Ideas
Updated: March 5, 2021 10:37 AM EST | Originally published: March 3, 2021 2:31 PM EST
LaPorte is an LA-based senior writer for Fast Company. Her new book is Guilty Admissions: The Bribes, Favors and Phonies Behind the College Cheating Scandal

Two years ago, when the college admissions scandal, dubbed Operation Varsity Blues, crashed into headlines, it immediately became a showcase of white privilege.

Images of Full House actress Lori Loughlin and Gordon Caplan, the former co-chairman of the white-shoe law firm Willkie Farr & Gallagher, making the perp walk to the Boston courthouse where they were charged—along with nearly 40 other parents—with paying an independent counselor slash conman named Rick Singer vast sums of money in order to get their children into colleges such as Yale and Georgetown, epitomized the gross inequities of the American class system: White, rich people, yet again, were paying to play. Since that moment it’s a theme that has played out in American culture, especially in the midst of the pandemic.

The parents’ glib smugness, as revealed in the 200-page, soap opera-esque indictment, was glaring. Transcripts of phone calls captured parents chortling with mischievous glee as they plotted their schemes with Singer. “I know this is craziness, I know it is,” said Jane Buckingham, a Los Angeles-based trend-forecaster and socialite as she and Singer talked about having a fake proctor take the ACT for her son. “And then you need to get him into USC. And then I need you to cure cancer and [make peace] in the Middle East.”

But as I began researching my book about the scandal, Guilty Admissions, I quickly realized that underlying parents’ nonchalance there was something more powerful, and more pervasive, lurking amongst white parents of enormous means: a deep-seated fear that they are no longer winning at the game of college admissions, a system that long favored their ilk.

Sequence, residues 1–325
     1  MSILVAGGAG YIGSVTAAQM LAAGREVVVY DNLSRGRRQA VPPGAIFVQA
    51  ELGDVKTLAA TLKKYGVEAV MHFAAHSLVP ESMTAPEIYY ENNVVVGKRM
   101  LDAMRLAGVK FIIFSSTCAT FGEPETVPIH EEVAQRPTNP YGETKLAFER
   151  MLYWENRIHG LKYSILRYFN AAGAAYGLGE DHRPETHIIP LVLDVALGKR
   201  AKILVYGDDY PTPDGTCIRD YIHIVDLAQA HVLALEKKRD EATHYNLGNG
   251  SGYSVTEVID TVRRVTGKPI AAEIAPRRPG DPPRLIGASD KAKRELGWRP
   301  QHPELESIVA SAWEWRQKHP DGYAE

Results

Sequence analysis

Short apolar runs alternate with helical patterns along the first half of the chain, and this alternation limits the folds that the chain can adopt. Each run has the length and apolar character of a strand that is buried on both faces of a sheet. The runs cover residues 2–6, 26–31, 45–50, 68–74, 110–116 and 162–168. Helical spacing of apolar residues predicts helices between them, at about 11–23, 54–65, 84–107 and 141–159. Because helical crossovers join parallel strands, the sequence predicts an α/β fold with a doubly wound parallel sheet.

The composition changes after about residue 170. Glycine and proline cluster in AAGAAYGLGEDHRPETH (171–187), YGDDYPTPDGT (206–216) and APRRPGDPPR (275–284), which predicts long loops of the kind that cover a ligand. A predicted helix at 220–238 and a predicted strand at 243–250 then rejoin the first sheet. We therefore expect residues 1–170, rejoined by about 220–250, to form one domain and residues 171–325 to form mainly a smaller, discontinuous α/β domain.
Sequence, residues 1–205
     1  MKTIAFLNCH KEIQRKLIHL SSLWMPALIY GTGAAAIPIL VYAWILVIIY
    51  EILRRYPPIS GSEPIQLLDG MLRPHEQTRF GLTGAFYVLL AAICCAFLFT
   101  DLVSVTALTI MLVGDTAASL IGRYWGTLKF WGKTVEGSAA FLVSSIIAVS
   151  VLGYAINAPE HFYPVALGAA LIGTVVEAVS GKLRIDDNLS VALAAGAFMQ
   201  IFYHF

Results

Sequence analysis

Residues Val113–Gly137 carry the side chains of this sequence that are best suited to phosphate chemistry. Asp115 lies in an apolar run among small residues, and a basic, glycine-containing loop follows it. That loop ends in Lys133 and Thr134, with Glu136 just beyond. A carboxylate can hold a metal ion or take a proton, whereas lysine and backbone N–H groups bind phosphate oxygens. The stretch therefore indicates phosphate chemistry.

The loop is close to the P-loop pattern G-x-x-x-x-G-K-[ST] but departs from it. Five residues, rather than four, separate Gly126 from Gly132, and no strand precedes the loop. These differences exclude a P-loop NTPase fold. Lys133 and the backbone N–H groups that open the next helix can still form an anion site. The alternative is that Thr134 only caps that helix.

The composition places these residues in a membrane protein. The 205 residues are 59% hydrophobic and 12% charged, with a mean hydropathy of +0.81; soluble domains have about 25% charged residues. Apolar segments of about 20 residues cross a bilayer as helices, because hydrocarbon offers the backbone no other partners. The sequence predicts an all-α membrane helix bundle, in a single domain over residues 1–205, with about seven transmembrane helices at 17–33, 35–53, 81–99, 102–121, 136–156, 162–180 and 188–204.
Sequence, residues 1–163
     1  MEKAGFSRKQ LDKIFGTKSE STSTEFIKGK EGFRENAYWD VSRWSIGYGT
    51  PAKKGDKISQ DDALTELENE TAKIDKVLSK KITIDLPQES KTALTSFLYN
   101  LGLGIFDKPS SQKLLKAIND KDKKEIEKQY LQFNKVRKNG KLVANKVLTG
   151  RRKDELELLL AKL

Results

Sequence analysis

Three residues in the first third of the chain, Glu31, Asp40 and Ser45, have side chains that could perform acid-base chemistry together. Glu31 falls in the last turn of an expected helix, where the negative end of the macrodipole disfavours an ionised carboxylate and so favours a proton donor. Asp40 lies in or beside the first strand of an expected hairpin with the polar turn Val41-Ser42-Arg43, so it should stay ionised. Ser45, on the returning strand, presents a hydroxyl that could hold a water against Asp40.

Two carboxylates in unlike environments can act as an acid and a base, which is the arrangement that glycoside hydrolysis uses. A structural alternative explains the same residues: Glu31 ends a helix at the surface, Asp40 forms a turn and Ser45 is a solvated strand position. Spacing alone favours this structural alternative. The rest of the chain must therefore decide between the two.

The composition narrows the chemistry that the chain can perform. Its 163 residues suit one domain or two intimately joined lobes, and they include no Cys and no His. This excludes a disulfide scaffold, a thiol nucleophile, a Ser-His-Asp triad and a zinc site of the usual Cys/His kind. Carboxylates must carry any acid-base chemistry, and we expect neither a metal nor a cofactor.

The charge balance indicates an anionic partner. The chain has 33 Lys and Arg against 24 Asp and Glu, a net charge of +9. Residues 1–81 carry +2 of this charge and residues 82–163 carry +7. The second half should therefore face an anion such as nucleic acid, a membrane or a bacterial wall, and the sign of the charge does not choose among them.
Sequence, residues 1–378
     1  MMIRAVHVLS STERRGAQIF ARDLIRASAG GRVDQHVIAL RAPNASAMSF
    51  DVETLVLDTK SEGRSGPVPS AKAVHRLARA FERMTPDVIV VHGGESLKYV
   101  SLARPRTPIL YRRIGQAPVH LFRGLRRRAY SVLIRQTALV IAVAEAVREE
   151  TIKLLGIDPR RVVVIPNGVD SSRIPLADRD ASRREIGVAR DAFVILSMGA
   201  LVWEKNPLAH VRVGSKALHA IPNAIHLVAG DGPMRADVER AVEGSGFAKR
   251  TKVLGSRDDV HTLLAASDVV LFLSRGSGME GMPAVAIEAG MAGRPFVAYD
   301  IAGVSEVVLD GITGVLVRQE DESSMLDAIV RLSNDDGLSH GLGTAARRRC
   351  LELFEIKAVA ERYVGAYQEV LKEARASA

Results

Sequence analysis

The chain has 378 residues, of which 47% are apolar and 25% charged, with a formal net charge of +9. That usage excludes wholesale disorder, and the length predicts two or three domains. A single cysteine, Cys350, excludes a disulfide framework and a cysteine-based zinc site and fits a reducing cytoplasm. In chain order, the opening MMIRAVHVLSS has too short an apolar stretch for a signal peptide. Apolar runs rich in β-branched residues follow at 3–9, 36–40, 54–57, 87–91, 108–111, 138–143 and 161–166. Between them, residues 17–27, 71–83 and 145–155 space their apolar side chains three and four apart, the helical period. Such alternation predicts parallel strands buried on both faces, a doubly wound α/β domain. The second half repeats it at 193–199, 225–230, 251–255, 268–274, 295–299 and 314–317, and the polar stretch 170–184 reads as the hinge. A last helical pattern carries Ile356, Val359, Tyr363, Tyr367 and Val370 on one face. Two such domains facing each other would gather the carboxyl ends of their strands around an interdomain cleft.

As I spoke with dozens of parents of children in elite, private high schools in order to better understand their mindset, they complained again and again how it had become harder than ever to get into selective schools. Thanks to an explosion of applications and an emphasis on offering slots to the “freakishly remarkable,” as Scott Galloway, a professor of marketing at NYU’s Stern School of Business, has described it, America’s elite universities now prize unicorn-type prodigies, as opposed to the smart and hard-working kids that were supposedly the holy grail in the 1980’s and 1990’s. Slots at top universities were becoming scarce to rare; a scarcity the universities encouraged in order to get their all-important acceptance rates to previously unimaginable lows. Stanford’s is so low—4 percent—it no longer bothers publishing it.

These trends affect all college applicants, regardless of socio-economic background. But affluent parents, even those whose kids had the “hook” of being a legacy or recruitable athlete, felt things were further stacked against them due to a shift in the culture that had led universities to focus on building freshman classes that reflect the world we live in. In other words, diversity had evolved slowly from just a buzzword into an institutional priority in higher ed. The result was that wealthy white parents were freaking out.

As Julie Lythcott-Haims, a former Stanford dean and the author of How to Raise an Adult, told me, the more colleges said, “‘Hey, we want Black and brown kids, too. And we want Asians, too,’” the more “white people are terrified because they’re losing a privilege that they never realized was a privilege.”

This fear of falling out of a secure bubble, one that dates back to the days when colleges were specifically built for white, Protestant males, has only intensified in the two years since the scandal broke. Black Lives Matter and the social upheavals of the last year have turned what was a quiet panic into a gathering frenzy, as colleges’ desire to attract and enroll a more diverse population has intensified. When U.C.L.A. and U.C. Berkeley saw “historic gains” in its Black and Latino applications this past fall—the former rose by 48 percent at both campuses, the latter by 33 percent and 36 percent respectively, Ted Mitchell, president of the American Council on Education, called the figures “phenomenal.” “The university has sought a more representative class for a long time and now it’s within reach,” he said.